I simply never realized how much I disliked rubber booties until I had the joy of experiencing the metal piston nub of the piston-drive. I never get tired of it. It always feels good, never wears down, never moves unnaturally under pressure. It's awesome. With the A2, by contrast, I would always feel the need to replace the LOTC once a year in order to get away from that awful squishy smooth slick rubber feeling of a worn down rubber bootie.
So, as you can gather, for all these reasons and more (see "Titanium" below for more), the Ti-PD-S and LunaSol 20 have by far the best UI's and ergonomics of any light I have ever handled—even better than the SF A2 and L1, which definitely have superior ergonomics and UI's—and thus have a decided advantage, over any other light, for EDC use.
TWO LEVELS – TWO BEAMS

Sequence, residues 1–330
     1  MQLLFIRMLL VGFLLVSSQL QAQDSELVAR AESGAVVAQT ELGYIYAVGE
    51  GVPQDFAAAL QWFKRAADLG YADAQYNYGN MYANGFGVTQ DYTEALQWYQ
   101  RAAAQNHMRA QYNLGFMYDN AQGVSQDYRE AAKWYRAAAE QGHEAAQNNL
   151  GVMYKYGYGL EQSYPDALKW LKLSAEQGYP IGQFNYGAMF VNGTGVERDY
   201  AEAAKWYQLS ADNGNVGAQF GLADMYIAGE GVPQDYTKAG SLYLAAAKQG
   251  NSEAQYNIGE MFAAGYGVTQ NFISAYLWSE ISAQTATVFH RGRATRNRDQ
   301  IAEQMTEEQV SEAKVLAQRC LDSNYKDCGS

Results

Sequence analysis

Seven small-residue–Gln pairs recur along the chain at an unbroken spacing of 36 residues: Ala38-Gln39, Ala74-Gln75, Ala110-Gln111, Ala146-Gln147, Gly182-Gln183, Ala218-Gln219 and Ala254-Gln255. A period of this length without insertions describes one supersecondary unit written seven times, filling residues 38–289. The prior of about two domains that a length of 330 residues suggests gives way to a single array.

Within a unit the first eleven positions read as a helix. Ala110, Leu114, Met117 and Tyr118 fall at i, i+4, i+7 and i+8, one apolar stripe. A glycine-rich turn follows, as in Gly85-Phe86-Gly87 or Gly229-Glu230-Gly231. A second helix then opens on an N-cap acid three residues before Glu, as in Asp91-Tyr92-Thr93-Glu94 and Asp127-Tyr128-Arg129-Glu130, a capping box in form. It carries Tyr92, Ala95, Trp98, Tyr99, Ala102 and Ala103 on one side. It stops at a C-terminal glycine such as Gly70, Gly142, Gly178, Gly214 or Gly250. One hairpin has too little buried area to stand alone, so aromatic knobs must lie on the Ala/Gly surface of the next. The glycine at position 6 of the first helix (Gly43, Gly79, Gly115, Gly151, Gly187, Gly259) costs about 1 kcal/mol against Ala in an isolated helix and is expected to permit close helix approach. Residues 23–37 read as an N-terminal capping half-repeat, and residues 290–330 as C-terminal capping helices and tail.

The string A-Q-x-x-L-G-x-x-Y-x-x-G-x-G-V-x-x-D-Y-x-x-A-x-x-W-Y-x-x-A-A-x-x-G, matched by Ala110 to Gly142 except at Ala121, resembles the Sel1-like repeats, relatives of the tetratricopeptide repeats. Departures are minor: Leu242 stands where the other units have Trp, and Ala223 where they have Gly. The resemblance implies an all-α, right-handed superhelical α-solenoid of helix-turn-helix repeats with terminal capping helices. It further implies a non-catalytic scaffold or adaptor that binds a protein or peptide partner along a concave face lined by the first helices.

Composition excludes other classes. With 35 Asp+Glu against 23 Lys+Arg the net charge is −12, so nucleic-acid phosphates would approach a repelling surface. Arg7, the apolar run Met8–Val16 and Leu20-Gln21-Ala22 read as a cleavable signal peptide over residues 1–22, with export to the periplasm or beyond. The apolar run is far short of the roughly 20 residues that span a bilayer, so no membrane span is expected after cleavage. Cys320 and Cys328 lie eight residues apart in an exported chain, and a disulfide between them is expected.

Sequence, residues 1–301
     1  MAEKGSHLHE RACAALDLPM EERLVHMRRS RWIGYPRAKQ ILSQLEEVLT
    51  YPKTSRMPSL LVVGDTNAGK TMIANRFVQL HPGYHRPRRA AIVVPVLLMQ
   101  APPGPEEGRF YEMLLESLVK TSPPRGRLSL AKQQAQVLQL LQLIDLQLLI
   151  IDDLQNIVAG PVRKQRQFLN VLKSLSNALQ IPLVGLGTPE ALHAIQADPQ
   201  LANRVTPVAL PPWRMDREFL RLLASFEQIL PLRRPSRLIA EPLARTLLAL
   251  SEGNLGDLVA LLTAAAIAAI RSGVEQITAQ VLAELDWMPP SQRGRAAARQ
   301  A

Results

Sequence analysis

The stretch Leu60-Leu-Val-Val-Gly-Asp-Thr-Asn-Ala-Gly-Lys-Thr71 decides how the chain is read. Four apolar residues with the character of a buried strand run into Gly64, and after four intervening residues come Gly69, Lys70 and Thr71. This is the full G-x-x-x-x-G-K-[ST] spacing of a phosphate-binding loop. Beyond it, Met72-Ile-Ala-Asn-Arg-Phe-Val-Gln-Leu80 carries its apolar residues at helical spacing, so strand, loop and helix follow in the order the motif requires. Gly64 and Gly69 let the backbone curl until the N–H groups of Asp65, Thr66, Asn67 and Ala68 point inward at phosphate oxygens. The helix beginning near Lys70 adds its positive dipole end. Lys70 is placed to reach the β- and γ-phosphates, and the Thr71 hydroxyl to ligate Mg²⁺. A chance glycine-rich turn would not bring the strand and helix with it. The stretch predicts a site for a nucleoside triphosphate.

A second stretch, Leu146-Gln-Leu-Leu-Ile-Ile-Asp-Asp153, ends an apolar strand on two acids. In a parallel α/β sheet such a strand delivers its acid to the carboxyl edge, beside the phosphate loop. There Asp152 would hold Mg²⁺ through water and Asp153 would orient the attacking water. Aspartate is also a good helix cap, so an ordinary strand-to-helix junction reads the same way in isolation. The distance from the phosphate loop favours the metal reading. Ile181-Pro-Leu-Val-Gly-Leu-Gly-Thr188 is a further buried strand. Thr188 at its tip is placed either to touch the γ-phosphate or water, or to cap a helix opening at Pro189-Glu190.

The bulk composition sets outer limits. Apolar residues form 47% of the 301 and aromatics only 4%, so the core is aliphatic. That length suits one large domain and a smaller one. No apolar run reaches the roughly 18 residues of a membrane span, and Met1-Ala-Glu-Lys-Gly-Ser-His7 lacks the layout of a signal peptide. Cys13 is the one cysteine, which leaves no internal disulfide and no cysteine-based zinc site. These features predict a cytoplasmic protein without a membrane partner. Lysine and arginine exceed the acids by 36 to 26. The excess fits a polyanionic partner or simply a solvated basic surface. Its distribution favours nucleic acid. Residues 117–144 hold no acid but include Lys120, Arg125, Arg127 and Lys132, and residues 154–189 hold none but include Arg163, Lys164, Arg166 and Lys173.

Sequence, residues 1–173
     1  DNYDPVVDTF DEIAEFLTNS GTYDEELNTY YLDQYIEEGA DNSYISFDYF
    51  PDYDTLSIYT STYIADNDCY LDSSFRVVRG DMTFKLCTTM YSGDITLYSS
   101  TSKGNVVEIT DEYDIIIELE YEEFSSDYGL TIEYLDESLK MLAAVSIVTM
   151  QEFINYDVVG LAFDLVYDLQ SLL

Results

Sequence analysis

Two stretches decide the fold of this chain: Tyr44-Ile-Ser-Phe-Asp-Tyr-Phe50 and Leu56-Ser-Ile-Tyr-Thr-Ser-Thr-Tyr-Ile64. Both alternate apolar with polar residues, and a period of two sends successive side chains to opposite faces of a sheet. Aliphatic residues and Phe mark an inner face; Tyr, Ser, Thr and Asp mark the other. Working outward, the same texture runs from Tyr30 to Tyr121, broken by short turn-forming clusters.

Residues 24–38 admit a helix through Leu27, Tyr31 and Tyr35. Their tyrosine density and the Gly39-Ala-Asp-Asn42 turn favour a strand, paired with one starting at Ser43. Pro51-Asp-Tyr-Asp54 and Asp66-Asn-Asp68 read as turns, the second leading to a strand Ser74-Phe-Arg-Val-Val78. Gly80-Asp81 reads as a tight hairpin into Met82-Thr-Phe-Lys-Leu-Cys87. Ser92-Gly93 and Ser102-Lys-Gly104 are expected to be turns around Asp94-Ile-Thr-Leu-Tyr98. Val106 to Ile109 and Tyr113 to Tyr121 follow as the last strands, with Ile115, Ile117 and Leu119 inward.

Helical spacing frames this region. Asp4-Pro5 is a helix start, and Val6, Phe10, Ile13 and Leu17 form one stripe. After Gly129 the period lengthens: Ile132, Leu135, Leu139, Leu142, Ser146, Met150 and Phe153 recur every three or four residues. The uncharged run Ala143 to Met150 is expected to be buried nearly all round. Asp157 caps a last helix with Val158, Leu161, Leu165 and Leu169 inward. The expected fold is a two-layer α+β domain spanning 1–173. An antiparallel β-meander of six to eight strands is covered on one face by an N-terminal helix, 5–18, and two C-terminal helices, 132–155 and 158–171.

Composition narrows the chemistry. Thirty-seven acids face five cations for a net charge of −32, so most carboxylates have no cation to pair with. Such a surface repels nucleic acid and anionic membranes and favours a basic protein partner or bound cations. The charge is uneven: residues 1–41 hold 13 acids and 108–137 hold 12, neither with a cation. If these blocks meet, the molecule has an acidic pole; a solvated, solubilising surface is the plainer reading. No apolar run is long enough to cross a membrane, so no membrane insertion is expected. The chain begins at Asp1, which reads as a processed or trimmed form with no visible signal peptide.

Multi-level lights have become quite common at this point, and many of them have flashy advanced modes that pulse the light in an SOS signal, or something equally as specialized, but very, very few of the lights currently made offer two different types of beams in addition to two (or more) levels. In my experience, there are currently only two such lights suitable for EDC use: the SureFire A2, and McGizmo's LunaSol 20. Think about that: out of all the many lights now being produced, we still have only two EDC choices if we want more than one type of beam from a single light. It's strange to me, because the combination of a low-flood and a high-throw is so incredibly useful that once you experience it for a while, you are unlikely ever to go back. A low level flood is nearly ideal for many, if not most, daily lighting requirements where what you want to look at is often at arms length or closer. At this distance a light with throw, with a good hotspot, is going to illuminate a handsbreadth's area and leave the rest in relative shadow. Reading a map with a spotlight just kind of sucks, really. A low flood, on the other hand, can be putting out a lot more total lumens without creating any areas of high intensity to cause your pupils to contract. And a low flood will light up the whole are in front of you for six or ten feet, and doesn't require you to move the flashlight all around in order to explore the space in front of you. It's just a really great, really useful beam. And having it at a low intensity makes it that much better, as it can be used at very close distances, and when your eyes are dark adapted, such as when you get up in the middle of the night.